The return for these companies was listing them as sponsors and organic promotion of their products through social media and media.
A few other notes:
Happy Healthy and Free, or HHF, is the nonprofit that I started in 2014 as a tool for affecting positive change. You can learn more about it here.
A majority of the funds have been spent on video production, Trash Me campaign, Green Riders, fruit tree planting, bikes for kids, programs including Community Fruit Trees and Free Seed Project and paying independent contractors for miscellaneous work.
This a summary of gross receipts based on 199N filings:
(The fiscal year for Happy Healthy and Free is July 1st to June 30th)
As of June 2019 Happy Healthy and Free is no longer active. The nonprofit was closed in good standing, and done to simplify my work. Instead I will be partnering with other nonprofits to carry out my work.
I will create a more detailed public record of Happy Healthy and Free finances in the near future. I have been meaning to do it for quite a while and have not done it sheerly as a matter of time.
I do public speaking first and foremost as a tool to affect positive change. But it’s also a great tool in raising funds. Money raised from public speaking can be directed in multiple ways:
A payment to me. The small amount of money that I do personally make comes primarily from public speaking.
A donation to Happy Healthy and Free to be used for environmental projects.
A donation to a nonprofit.
Happy Healthy and Free video production relation to businesses
Onya donated $400 after HHF produced a video titled It’s Time to Ditch Plastic Produce Bags. This donation was made to support HHF video production and was not part of any agreement. They made the donation after the video was released. The funds were used to produce nonprofit videos.
Landpack donated $500 to HHF after we filmed a video there. They wanted to support HHF video production and this donation was not part of any agreement. The funds were used to produce nonprofit videos.
Nicholas Schwarz Design donated $500 to HHF in exchange for producing a video about his business of turning wasted pallets into furniture. The funds were used to produce nonprofit videos.
My Personal income
As I said above, I have been working for the last seven years to de-monetize my life. I have committed to making very little money (no more than the federal poverty threshold per year) and having a very small financial net worth (currently I have about $1,200 to my name and my possessions are financially valued at less than $5,000). I’ve intentionally designed my life to be as minimally involved with money as I can. Much of my life is based around relationships and exchanges rather than money. Here is a breakdown of how I have personally earned money in the last years:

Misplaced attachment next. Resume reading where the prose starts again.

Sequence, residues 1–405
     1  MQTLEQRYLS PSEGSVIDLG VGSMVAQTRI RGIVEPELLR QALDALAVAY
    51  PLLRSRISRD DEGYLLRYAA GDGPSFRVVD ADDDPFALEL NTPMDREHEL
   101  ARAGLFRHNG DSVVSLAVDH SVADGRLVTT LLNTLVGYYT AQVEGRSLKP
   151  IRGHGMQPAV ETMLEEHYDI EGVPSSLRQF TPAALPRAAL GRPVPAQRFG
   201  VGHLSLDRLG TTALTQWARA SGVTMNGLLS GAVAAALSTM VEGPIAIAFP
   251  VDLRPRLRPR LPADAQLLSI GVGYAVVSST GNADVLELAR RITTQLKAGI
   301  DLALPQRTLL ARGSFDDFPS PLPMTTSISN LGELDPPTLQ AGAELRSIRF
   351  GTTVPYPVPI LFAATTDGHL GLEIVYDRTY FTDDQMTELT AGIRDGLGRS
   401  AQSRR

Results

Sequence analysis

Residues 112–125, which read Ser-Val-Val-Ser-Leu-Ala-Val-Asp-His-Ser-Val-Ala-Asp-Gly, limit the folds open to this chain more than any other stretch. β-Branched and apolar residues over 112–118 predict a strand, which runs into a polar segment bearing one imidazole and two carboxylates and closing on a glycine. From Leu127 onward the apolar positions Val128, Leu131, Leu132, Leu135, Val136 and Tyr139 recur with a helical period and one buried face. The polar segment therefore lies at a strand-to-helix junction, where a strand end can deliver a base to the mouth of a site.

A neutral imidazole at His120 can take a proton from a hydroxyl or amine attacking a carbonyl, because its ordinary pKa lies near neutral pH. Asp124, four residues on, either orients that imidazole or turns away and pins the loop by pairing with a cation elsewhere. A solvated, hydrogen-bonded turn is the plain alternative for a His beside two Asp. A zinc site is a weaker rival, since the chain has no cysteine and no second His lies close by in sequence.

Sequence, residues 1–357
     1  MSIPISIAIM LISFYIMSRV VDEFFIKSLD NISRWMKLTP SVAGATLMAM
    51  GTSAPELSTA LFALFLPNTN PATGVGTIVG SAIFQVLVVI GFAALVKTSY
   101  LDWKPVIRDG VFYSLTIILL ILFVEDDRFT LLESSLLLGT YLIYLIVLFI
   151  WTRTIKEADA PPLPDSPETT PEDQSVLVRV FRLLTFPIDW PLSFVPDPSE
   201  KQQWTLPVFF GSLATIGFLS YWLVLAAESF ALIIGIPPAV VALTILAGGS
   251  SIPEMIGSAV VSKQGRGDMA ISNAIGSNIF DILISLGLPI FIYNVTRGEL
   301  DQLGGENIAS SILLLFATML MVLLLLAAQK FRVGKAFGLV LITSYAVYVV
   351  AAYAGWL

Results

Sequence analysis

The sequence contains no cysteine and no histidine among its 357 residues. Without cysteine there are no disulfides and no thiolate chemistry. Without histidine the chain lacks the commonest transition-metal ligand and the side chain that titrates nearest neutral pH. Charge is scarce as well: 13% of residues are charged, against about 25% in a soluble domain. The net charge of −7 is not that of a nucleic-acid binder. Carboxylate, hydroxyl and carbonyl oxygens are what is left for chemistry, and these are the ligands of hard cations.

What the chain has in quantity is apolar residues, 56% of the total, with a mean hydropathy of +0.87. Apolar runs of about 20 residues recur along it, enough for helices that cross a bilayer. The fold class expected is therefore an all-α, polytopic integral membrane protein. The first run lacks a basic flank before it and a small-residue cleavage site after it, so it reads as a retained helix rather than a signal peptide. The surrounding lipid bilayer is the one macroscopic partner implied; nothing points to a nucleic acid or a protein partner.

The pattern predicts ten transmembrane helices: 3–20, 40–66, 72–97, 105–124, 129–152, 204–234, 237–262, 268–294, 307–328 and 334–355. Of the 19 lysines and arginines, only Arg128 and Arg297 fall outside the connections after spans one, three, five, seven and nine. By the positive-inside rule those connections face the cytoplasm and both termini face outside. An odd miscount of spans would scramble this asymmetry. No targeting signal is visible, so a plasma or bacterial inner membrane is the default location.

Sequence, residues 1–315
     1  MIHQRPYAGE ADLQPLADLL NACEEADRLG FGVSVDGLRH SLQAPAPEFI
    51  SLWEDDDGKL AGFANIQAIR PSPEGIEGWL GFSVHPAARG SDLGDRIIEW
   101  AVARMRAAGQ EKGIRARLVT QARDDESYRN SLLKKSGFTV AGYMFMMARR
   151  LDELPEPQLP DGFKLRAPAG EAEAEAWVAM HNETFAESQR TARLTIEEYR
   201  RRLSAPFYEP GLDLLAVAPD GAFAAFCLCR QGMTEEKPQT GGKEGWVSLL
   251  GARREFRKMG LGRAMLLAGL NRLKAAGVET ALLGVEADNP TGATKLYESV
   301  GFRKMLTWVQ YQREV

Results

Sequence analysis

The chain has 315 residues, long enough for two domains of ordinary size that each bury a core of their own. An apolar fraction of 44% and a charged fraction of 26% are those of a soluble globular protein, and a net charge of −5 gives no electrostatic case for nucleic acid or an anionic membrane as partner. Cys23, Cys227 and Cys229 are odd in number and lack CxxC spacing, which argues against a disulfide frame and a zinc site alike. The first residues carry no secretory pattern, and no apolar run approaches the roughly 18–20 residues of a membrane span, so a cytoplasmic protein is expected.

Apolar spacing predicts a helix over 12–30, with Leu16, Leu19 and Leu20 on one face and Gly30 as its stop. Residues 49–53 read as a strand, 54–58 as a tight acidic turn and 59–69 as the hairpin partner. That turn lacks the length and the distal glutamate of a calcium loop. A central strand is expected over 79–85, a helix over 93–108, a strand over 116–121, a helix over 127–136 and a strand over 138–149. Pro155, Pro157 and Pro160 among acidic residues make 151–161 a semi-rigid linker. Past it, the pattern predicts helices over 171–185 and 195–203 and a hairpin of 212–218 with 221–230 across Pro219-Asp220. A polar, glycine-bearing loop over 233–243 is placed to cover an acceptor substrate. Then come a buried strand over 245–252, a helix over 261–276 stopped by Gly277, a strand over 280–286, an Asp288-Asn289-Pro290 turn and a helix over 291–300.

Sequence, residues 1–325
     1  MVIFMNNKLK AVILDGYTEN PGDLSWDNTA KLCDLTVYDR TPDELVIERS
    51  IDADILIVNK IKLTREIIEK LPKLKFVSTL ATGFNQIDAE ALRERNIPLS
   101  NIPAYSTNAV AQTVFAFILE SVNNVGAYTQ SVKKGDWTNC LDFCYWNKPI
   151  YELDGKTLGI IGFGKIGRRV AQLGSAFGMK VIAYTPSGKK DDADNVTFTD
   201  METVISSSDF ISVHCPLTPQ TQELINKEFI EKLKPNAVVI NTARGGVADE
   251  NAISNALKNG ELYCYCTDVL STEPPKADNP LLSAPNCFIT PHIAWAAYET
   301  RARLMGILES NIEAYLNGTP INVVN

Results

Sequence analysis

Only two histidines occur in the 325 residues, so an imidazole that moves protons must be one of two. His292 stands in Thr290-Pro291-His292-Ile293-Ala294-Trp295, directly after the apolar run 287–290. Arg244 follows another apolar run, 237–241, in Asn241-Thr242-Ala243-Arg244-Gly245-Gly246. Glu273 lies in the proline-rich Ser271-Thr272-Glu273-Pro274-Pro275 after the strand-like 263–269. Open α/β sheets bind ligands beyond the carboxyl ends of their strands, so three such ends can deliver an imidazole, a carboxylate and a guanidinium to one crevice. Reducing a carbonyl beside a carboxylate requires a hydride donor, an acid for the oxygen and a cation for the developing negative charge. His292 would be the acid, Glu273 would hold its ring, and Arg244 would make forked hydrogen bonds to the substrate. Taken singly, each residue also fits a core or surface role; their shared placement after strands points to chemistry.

2019- $9,670 total earned.
$7,600 from public speaking. $1,000 CityWorks(X)po in Winterhaven, FL, $600 Stetson College, $1,000 Northland College, $2,000 Western Technical College, $1,000 UW – Stevens Point, $2,000 UW- La Crosse,
2018– $8,000 total earned.
$3,000 from public speaking
$5,000 from Live Like Ally Foundation. Live Like Ally gave Happy Healthy and Free a grant of approximately $30,000 to partner on a handful of environmental projects. You can see them here. They offered to pay me $15/ hour to direct this work. I capped it after $5,000, even though I did a lot more work. This is all work that I really wanted to do, and getting paid to do it was a blessing because I could focus my energy on this rather than public speaking.
2017- $5,000 total earned from public speaking.
2016- $0 total earned. I had funds saved from previous years worked.
Prior to 2016 I ran The Greenfield Group, a marketing company I started in 2011, and ran until 2014. I did other sales at that time as well.
So there it is, my commitments to financial and corporate relations transparency and a list of all financial relationships I’ve recently had. I’m really happy to have looked back at all of these relationships and to be able to feel good about it. Up to this point, I think I’ve managed to do a great job, and from here on I intend to do equally good or better. The idea of transparency is to put it out there so other’s can make their own decisions though. I might make mistakes, but if I do, you will get to know about them.